Why Low Interest Rates are Bad for the Economy
Sounds like heresy, yes? Don't today's historically low interest rates allow more people to buy houses and cars and to finance other types of spending as well?
Well, yes, that is true to a point. It has a short-term impact as consumers lower their mortgage payments and some who are on the edge of being able to buy a home find it within their reach. Othes find new debt service is cheaper.
But, interest rates have been extremely low since 2009. I think those trends have largely run their course.
The problems are these:
1) Companies invest too much in appreciating financial assets rather than company growth. At these low rates companies are tempted to take on a lot of new debt because it costs so little. When it comes to managing a company, debt is useful to a point.
Instead, many companies are buying back their own stock with that borrowed money. Why? Partly, because most of the net worth of senior executives is in stock and stock options. Their bonuses, which represent most of C-Suite income, are largely based on the stock price. While everyone likes increasing stock prices, using increased borrowing to buy back shares is not the best foundation. How about growing the company instead?
2) Banks are finding that lending to consumers or businesses at these rates is not profitable. When things are unprofitable, they don't usually get done. When banks hold back on lending, the economy remains sluggish.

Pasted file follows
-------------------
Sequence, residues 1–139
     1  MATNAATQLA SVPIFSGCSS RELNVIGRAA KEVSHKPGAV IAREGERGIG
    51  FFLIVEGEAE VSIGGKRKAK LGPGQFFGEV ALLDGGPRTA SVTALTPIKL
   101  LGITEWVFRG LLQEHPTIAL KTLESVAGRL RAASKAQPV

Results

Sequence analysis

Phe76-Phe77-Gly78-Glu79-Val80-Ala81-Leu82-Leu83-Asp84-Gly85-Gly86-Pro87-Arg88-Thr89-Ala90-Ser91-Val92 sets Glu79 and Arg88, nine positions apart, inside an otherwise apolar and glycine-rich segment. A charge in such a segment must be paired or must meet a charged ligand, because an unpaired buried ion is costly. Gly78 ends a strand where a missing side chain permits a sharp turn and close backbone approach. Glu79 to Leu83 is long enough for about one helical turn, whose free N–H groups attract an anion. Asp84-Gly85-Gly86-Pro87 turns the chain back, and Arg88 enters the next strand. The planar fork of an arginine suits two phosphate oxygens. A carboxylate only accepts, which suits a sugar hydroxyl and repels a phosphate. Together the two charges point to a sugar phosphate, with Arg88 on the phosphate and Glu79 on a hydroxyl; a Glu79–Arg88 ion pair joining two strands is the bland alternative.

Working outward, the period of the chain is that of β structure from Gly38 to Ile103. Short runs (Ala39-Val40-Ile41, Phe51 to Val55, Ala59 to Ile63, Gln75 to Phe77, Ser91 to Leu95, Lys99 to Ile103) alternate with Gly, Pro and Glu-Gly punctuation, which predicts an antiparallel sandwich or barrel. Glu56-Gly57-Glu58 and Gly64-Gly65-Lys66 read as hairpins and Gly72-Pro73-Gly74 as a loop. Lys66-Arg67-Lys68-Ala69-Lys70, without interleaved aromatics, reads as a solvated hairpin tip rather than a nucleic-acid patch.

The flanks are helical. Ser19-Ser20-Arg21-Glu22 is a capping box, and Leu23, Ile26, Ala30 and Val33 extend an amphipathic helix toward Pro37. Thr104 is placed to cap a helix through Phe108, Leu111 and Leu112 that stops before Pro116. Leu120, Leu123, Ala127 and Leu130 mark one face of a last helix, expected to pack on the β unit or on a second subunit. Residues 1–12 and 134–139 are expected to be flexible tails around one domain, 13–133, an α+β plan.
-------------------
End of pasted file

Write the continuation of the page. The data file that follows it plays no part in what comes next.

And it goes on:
3) Ultra-low rates provide temporary cover for the U.S. government to keep borrowing at least a half-trillion dollars each year, further ballooning the national debt. Who has been buying those new bonds? - mainly the Federal Reserve.
Sooner or later rates will go back to normal and the debt that was financed short-term at nearly 0% to 2% interest will be refinanced at 3%, 4%, 5%, 6% or more more - historically normal rates. We tend to forget what normal interest rates look like, our collective memory is so very short.
According to the U.S.Treasury Dept, the average rate on all U.S. debt in December 2014 was 2.4%. In 2004 the average rate was 5%, so you can see how much has been refinanced lately and how much of the debt load is new.
Going back to the rates of 11 years ago would in a few years double the federal interest expense from 14% to 28% of the federal budget. Add the new debt at over a trillion every other year and that interest expense goes to 30-40% of the budget. Rating agencies will start to lower the credit rating of the U.S. Treasury, pushing rates and interest expense higher to real crisis levels.
The independent Congressional Budget Office (CBO) painted this same scenario in a report in 2013.
The fact that Europe and Japan have embarked on their own quantitative easing programs, even with LESS THAN 0% interest rates on some European government debt makes this an international problem.
I wouldn't change current investing strategy based solely on this, but I think it would be wise for the Federal Reserve to start raising interest rates sooner rather than later.